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Using the Visual C++ Custom AppWizard->Tutorial - Creating an Extension with the AppWizard->Toggling a Port Pin from your Extension

The initial files in your extension project that you will be interested in are ExtensionState.cpp and ExtensionState.h.  These are the main files that receive calls from the Virtual Workshop in a clean C++ form.  The other files in your extension are concerned with exporting the C interface and converting the C calls to C++ calls.

Return to the Microsoft Developer Studio with your extension project open and open file ExtensionState.cpp.

All of the Virtual Workshop interface is represented in this file.  However, you will initially be concerned with only a few of the functions present.

We will add a simple piece of code for toggling a port pin.

Scroll down to the function CExtensionState::GetPortPins().

Add the following lines to this function:

 if (nPortAddress == 0X90)
 {
   // port 1
   if ( (m_nMachineCycles % 100) < 10)
   {
     // lower pin P1.0 for 10 cycles every 100 machine cycles
     *pnPins &= ~0X01;
   }
   else
   {
     // pin P1.0 is high except every 100 cycles
     *pnPins |= 0X01;
   }
   // tell the Virtual Workshop that P1.0 has been handled
   *pnHandledPins |= 0X01;
 }


The modified function should look like this (the lines you have added are shown in bold):

void CExtensionState::GetPortPins(BYTE nPortAddress, BYTE* pnPins, BYTE* pnHandledPins, BOOL bSimulating)
{
 // Clear or set only the pins relevant to this extension
 // If you set or clear any of the pins, then set the corresponding bit in pnHandledPins
 if (nPortAddress == 0X90)
 {
   // port 1
   if ( (m_nMachineCycles % 100) == 0)
   {
     // lower pin P1.0 every 100 machine cycles
     *pnPins &= ~0X01;
   }
   else
   {
     // pin P1.0 is high except every 100 cycles
     *pnPins |= 0X01;
   }
   *pnHandledPins |= 0X01;   // tell the Virtual Workshop that P1.0 has been handled
 }
}

Select Build esim0.dll from the Build menu to rebuild your extension.

Return to your Tutorial project in the Crossware Embedded Development Studio.  Open file main.c.

Remove the line:

printf("Hello world\n");

and replace it with:

while (1);

Select Build from the Build menu to rebuild your 8051 program.

Ensure that there is a tick next to the Displaying Extension Activity item in the Simulate menu.

Select Go from the simulate menu to run your modified 8051 program together with your modified extension.

As your program runs you will see the data that you are putting onto port 1 (0X90) pin 0.   Usually the pin is high (Port 0X90: xxxxxxx1) but periodically it goes low (Port 0X90: xxxxxxx0).

Select Close Simulator from the Simulate menu to close the Virtual Workshop.

Select Display Extension Activity from the Simulate menu to disable the displaying of extension activity.

We will now modify your 8051 program so that is does something with P1.0.

Add the lines:

#include <sfr.h>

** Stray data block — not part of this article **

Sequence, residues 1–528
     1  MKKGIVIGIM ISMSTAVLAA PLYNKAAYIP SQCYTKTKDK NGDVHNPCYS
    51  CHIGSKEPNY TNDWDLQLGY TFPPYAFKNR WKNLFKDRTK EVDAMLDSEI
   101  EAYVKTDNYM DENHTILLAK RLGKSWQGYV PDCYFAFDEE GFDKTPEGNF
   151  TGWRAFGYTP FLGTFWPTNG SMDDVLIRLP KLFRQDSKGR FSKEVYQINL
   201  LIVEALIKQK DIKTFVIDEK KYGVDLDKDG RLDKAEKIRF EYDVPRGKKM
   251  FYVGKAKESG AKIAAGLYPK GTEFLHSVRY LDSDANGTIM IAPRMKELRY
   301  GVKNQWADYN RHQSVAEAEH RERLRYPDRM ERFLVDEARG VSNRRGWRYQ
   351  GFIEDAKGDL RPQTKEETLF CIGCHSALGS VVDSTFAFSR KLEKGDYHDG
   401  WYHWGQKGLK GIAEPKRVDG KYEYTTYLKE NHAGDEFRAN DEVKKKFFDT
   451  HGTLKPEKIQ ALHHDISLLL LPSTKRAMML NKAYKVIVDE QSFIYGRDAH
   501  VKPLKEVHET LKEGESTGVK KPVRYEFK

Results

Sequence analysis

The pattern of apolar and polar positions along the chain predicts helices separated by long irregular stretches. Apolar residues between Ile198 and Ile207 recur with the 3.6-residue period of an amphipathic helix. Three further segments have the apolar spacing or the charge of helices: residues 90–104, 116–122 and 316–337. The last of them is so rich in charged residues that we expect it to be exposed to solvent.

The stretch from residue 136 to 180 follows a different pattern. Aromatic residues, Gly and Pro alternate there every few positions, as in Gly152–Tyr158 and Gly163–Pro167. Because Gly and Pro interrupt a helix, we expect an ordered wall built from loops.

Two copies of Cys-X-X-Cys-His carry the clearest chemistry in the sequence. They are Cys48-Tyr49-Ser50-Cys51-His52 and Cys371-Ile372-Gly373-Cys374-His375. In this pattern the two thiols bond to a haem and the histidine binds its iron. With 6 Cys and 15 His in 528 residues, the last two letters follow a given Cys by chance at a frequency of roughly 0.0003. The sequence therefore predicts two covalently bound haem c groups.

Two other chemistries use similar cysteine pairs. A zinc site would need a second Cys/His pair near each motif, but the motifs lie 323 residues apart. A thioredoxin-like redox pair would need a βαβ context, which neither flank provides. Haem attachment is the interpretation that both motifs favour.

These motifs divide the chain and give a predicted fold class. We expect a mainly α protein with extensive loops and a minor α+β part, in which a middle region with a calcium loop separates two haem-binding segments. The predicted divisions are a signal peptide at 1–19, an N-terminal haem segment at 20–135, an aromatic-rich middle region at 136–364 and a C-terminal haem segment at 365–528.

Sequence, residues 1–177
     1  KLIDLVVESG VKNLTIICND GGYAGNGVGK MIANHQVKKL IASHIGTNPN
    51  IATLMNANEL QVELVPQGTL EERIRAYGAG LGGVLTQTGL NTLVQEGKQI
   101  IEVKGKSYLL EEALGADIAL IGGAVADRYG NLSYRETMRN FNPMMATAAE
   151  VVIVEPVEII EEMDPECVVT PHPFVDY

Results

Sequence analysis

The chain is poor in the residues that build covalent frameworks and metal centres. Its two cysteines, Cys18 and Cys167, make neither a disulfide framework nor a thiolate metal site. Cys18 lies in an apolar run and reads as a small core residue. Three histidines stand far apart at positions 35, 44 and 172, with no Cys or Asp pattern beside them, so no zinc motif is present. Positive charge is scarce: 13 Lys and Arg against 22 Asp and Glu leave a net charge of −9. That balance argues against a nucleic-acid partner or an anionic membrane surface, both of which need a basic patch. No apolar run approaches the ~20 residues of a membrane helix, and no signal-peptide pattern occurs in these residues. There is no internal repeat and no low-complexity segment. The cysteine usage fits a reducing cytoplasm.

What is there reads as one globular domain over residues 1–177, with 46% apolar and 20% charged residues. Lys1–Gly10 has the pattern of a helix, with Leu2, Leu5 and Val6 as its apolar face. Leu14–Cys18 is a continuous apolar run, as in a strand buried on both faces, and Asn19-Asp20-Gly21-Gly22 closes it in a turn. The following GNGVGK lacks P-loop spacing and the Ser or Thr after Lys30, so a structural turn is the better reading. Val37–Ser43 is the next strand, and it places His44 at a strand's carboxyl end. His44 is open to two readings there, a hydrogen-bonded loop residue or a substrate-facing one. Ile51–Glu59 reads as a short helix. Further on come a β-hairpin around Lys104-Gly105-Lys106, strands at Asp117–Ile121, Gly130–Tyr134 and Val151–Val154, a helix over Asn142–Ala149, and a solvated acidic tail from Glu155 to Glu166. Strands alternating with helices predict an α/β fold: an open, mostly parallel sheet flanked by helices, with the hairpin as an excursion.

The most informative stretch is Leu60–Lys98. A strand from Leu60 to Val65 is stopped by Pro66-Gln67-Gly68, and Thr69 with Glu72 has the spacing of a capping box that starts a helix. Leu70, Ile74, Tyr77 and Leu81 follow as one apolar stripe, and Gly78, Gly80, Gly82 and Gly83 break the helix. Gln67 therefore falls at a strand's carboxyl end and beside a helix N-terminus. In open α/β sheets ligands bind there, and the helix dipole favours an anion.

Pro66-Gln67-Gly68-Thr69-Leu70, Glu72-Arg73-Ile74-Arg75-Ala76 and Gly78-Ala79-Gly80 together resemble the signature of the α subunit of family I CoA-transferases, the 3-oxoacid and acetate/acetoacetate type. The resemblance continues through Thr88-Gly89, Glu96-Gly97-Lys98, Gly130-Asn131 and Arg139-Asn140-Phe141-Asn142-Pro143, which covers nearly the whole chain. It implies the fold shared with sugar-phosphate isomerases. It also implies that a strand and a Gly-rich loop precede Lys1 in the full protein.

_sfrbit mypin = _p1^0;

to the top of main.c.

Add the line:

char nCount = 0;

immediately after the line:

main()

Modify:

 while (1);

to:

 while(1)
 {
   if (mypin == 0)
   {
     nCount++;
   }
 }

Since mypin has been assigned to pin P1.0, every time P1.0 goes low, nCount should increase by 1.

Your main() function should now look like this:

main()
{
 char nCount = 0;
 // delete the following line if you do not want to use the 8051 serial port for i/o
 _InitSerialPort();
 // TODO: Add your source code here
 while(1)
 {
   if (mypin == 0)
   {
     nCount++;
   }
 }
}

We do not want to single step through the startup code in startup.asm and so we will disable assembler debug records:

Select Settings from the Build menu.

Click on the Assembler tab.

Click Generate Debug Records to disable assembler debug records.

Rebuild your 8051 program.  (Select Build from the Build menu.  Click on Yes if asked whether or not you wish to rebuild all affected files.)

Select Step Into from the Simulate menu.  Your program will execute up to your main() function.

Select Local Symbols from the Windows menu.  An empty Locals window will be displayed  nCount is not yet in scope.

Select Trace from the Simulate menu.

You can now watch local variable nCount increment as your program executes.

If your want to watch Port 1, select Port 1 from the View menu.

Let's now look at the cycle count information available:

Select Halt Simulator from the Simulate menu.

Place the cursor on the nCount++; line.

Select Set Breakpoint at Cursor from the Simulate menu.

You should now see a red mark next to the nCount++; line indicating that a breakpoint has been set on this line.

Select Go from the Simulate menu.

Your program will halt when the nCount++; line is executed.

Select Clear Trip Counter from the Simulate menu.

Select Trace from the Simulate menu.

Your program will run in trace mode and you will see the trip counter on the status bar increment to 99 (or sometimes 104).

(The number of machine cycles is not exactly 100 because GetPortPins() is only called between each 8051 instruction.  Since some instructions take more that 1 cycle, the extension may not always receive a call when the machine cycle counter is exactly at 100.)